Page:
Have you tried sitting in the TDX4 with the back angle reclined to 100-105 degrees and the Infinity Back mounted higher on the back posts? Sitting with the back more reclined could divert some of the load being transferred down your spinal column to the back rest. While too much recline is normally bad because it encourages excessive posterior pelvic tilt, I am guessing yours has an anterior tilt. (Sheering could still be an issue). Having the back higher could shift support onto the thoracic area instead of having nearly all support concentrated in the lumbar region. A higher back could be of greater benefit than simply remounting the UniFlex back higher because it would provide more area on which to distribute support.

                      While there is a certain amount of logic to what I just stated, I have no clue whether it would actually work. In fact, I believe it more-likely than not will not.

                      If you did realize a noticeable improvement and you had a 16 or 18 wide seat width, I would suggest looking into replacing the Infinity back with Invacare's Contoura back pan & cushion--which would be closer to an automotive seat. If pressure over the spinous processes was still a problem, pressure could be diverted away from these areas by removing some of the foam from the padding where the dashed line is.

                      Well that's the best I have to offer for now. Let's do any further discussion through pm.

                      BTW, is anyone tracking the progression of your lordosis over time?


                      Take care

                      Comment


                        #12
                        Thanks - I'll PM you Monday or Tues, as I've been out of town all day today and will be out all of tomorrow as well.

                        I wanted to post back here though to get others thinking. To anyone: feel free to jump into the dialogue.

                        I sit better in my Crossfire (manual chair) w/ more dump (4-5") and an almost 90-degree back angle, with a *low* Jetstream back. Reclining a back on any chair with minimal dump won't be terribly beneficial, in my opinion, as I need to sit up [as] straight [as possible]. Reclining the back would simply contribute to slumping over and putting my spine in a worse position, wouldn't it?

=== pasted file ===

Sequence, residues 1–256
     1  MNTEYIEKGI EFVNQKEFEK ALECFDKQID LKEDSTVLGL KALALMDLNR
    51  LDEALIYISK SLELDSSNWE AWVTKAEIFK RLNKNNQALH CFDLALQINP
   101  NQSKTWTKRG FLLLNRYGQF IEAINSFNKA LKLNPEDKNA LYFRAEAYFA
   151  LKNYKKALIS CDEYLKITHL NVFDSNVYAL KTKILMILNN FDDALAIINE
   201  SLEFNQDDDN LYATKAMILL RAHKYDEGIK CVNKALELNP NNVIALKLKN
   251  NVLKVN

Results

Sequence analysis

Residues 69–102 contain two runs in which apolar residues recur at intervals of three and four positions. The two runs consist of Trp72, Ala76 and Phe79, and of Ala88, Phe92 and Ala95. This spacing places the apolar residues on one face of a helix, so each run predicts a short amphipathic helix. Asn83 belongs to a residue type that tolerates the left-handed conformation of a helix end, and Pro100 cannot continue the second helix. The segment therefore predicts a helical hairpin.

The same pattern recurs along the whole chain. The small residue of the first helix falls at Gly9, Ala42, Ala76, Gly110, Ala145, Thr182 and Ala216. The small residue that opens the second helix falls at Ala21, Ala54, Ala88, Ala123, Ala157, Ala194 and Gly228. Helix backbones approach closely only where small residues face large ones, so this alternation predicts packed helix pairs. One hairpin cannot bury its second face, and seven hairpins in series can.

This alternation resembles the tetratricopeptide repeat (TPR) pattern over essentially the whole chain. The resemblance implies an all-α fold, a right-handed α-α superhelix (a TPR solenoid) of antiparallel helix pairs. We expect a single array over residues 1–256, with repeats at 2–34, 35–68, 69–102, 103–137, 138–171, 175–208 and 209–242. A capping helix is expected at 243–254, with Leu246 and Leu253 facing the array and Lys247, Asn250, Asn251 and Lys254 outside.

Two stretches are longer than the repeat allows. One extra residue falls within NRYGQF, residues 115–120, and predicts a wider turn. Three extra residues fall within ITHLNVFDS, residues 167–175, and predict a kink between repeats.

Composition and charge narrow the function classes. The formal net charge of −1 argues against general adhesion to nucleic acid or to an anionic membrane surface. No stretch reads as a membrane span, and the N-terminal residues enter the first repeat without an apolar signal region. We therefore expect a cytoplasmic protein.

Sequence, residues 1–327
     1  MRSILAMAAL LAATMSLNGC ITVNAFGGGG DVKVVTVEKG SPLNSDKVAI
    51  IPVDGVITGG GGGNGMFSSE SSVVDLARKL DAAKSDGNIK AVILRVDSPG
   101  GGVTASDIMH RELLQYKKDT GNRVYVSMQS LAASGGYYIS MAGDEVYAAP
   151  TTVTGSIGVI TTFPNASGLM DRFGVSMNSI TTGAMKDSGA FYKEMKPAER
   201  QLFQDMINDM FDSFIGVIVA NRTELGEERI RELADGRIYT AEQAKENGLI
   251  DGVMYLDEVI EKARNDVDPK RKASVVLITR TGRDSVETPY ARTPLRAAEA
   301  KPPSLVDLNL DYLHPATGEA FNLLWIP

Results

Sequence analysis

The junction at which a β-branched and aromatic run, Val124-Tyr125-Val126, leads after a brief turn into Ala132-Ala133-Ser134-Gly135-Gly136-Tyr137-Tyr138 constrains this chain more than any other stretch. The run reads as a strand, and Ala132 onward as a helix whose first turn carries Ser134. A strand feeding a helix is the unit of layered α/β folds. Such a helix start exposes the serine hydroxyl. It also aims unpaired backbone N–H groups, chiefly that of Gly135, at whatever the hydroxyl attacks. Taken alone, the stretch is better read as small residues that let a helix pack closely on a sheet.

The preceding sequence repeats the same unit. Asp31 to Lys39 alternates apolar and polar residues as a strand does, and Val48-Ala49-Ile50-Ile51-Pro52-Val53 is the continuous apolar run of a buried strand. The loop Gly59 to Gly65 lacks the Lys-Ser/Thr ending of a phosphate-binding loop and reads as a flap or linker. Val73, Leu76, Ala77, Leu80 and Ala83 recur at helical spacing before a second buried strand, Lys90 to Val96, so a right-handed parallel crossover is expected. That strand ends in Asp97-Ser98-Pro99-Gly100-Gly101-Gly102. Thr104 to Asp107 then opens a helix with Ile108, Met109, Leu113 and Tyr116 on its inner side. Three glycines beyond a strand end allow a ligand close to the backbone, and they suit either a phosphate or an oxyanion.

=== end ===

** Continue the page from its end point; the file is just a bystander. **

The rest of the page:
I'm not discounting your logic, just questioning it w/o thinking through the mechanics completely, as it doesn't click at the moment. Let me chew on this later.

                        Will get a profile pic sitting in the Crossfire tomorrow (or soon).

                        More later.

                        Comment


                          #13
                          Well Scott...

                          Didnt want you to feel alone...LOL But this conversation is way over my head... I hope you find a solution soon!!
                          T12-L2; Burst fracture L1: Incomplete walking with AFO's and cane since 1989

                          My goal in life is to be as good of a person my dog already thinks I am. ~Author Unknown

                          Comment


                            #14
                            hehe... thanks Daisy. I wanted to post this b/c I can't be the only one dealing with this, or at least something similar. It will hopefully get a few gears turning in some minds. As stated earlier, this is nothing new for me & I remain active despite a few bumps in the road. Local doctors &/or therapists have been no help b/c sonething like this, for example, isn't a simple textbook case. I've learned more researching and discussing things on my own.

                            Long story short, I personally think most wheelchair seating sucks.

                            Comment


                              #15
                              All I know is that I have never encountered a problem which required this much time & effort to illustrate & explain, then put it out there for anyone in the world to see, a suggestion which I have my own doubts about whether it would work!

                              But it may be a possible solution for a complex problem. The only downside to trying it would be the time required to change the back angle and backrest location back to their original locations.

                              If the backrest is reclined, the support required to sit upright would come from the backrest instead of the ligaments and facet joints of your lumbar spine. Your pelvis may also rotate back slightly which could also reduce stress on the lumbar curve. My line of reasoning assumes that the flexibility of your lumbar spine is normal or too flexible. If you have limited flexibility, then this may not work as well.

                              As far as the set up of your Crossfire, I would leave it the way you have it.